If you haven’t read a Gillian Flynn before (and even if you had, but need a reminder), Miss Flynn does not write about nice things and the old sugar-spice-everything-nice adage certainly does not reply to any of her female characters. I imagined the women of Wind Gap each trailing an IV relentlessly feeding their veins with malice, while they purr feigned sincerities at their BFF’s. But besides tapping into this insidious undercurrent of this small town, Flynn takes you behind closed doors and shows you the horrors the gossipy next door neighbours can only guess at – and this is where Sharp Objects truly shines.

The relationship between Camille and Adora, between Camille and Amma, and the question that lies at the center of this thriller: are all women meant to be mothers and are all girls meant to be daughters or sisters? Do you truly know someone, even if that person came from your own body, or shares your blood? How much of that person is truly individual, how much is simply an extension of oneself? How much may you lay claim to? The bond between mother and daughter has never been creepier and it makes for darn good reading.

Gillian Flynn by Dark Places

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I have a meanness inside me, real as an organ.
Slit me at my belly and it might slide out, meaty and dark, drop on the floor so you could stomp on it.

Ben Day allegedly murdered his mother and two siblings on a winter’s night in 1985. Libby, only 7, escaped the massacre and her testimony ensured a life sentence for the teenaged Ben. Twenty-five years later, Libby – desperately broke and no longer the darling of a murder-fascinated public – is approached by a secret society obsessed with gruesome crimes. The Kill Club, convinced that Ben was wrongly convicted, presents Libby with an enticing and disturbing offer: for a fee, Libby must help them uncover the truth of what happened that night.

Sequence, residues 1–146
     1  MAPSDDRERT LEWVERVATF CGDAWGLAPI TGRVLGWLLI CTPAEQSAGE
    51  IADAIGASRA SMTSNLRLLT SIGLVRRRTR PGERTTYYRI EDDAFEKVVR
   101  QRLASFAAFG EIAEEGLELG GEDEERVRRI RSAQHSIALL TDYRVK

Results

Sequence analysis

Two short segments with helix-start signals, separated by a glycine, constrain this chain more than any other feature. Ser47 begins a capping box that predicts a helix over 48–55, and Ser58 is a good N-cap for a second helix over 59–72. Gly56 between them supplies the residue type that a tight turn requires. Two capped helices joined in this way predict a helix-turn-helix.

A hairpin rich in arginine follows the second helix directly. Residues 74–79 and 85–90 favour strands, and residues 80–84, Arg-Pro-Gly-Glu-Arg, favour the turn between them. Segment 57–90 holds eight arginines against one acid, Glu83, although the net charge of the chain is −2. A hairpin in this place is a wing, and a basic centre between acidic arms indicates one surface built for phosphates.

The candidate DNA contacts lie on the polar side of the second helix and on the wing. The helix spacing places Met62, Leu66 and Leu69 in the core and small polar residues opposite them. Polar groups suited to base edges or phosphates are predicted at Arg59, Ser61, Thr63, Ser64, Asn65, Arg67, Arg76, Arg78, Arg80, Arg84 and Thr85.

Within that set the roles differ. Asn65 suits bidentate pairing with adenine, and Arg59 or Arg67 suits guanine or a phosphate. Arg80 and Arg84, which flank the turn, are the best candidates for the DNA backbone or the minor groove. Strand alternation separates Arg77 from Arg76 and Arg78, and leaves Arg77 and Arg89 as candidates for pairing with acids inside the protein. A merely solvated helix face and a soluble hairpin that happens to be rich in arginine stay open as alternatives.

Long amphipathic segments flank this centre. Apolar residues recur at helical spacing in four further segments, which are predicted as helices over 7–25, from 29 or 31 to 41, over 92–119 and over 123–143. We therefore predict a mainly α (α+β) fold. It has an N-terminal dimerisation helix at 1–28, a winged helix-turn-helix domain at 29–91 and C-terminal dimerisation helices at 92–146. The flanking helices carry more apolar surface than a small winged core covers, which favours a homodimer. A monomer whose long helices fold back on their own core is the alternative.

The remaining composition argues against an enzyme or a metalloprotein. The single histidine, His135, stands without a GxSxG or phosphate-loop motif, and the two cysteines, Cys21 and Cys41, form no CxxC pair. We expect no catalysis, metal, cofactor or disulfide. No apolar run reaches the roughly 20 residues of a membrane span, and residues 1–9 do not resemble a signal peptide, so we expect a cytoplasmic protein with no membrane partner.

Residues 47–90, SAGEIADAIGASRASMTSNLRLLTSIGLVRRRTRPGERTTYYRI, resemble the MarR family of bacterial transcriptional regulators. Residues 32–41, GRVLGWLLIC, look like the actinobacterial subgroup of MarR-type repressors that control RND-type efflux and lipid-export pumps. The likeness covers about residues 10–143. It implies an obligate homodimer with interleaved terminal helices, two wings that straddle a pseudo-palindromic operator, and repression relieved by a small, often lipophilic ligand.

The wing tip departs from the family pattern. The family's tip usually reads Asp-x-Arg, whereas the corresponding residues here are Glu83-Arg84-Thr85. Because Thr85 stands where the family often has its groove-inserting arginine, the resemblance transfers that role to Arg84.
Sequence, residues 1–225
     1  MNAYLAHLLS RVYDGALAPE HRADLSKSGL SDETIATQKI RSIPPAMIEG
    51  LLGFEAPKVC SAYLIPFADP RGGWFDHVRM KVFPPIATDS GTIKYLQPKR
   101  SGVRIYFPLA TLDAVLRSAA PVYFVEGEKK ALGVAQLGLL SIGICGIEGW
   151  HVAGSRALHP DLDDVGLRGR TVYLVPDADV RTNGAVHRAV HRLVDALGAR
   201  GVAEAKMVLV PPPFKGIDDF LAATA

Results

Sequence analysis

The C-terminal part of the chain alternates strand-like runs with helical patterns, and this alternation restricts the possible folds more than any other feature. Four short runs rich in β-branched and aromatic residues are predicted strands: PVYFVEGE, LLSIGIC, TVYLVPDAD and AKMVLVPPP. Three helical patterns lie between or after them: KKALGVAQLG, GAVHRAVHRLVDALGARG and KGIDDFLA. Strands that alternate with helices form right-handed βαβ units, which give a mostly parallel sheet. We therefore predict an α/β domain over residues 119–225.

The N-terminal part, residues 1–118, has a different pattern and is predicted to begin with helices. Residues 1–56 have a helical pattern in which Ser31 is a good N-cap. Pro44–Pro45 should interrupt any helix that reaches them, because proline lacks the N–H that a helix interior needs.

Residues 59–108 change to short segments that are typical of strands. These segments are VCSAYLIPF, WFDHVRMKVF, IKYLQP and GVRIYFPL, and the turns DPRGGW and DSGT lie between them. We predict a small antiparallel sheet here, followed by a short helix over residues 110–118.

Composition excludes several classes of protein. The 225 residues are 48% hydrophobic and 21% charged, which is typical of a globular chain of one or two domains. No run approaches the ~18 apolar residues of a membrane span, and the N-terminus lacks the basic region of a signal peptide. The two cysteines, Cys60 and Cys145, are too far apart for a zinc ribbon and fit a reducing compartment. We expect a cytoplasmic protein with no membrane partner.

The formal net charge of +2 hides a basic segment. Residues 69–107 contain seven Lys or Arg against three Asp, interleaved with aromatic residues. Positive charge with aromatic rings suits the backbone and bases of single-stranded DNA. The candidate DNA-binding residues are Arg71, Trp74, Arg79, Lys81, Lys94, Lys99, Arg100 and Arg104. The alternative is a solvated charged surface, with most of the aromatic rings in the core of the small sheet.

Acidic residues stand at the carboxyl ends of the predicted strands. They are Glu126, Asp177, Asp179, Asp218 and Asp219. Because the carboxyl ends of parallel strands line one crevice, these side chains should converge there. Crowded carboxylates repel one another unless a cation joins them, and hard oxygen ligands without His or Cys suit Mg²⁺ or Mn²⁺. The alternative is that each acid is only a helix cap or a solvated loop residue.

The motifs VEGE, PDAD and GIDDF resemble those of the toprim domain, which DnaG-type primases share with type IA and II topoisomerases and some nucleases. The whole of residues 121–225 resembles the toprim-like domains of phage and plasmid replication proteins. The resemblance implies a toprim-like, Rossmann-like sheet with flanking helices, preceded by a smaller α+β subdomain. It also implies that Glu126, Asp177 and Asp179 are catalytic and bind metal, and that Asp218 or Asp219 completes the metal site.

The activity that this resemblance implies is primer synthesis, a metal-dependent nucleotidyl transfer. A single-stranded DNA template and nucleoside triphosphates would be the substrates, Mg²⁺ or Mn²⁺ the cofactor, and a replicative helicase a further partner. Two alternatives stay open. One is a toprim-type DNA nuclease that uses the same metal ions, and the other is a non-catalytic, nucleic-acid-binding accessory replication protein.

Gillian Flynn’s characters reside within the darkest underbelly of the human condition. She has a knack for showing the worst in people, but also inspiring a strange and uncomfortable empathy towards them. Her fictional rural town inhabits a cast of jaded, angry and deeply flawed individuals caught in a desperate struggle for survival.

15-year-old Ben Day is plagued by the consequences of assumption, not-so-quietly whispered rumours and fear-mongering. Shunned, his thoughts and actions turn dark and dangerous, but was this really enough to cause him to commit the unspeakable? Patty Day is an exhausted single parent, with a debt collector breathing down her neck, an abusive former husband knocking at her door and poverty pushing her towards complete despair. Libby Day, now 32 years old, is bitter, broken and frightened as she unravels the events that led to that terrible night.

Dark Places is a terrifying and skilfully crafted murder mystery. It plays into the all too human curiosity about grisly acts and those who choose to commit them out of desperation or cruelty. To be read with the lights on and the front door securely bolted.

Note: Tonight’s perusing brought me to these gorgeous alternative book covers and I’ve decided to add them in here. I feel they perfectly capture this novel’s dark and brooding atmosphere. Found here.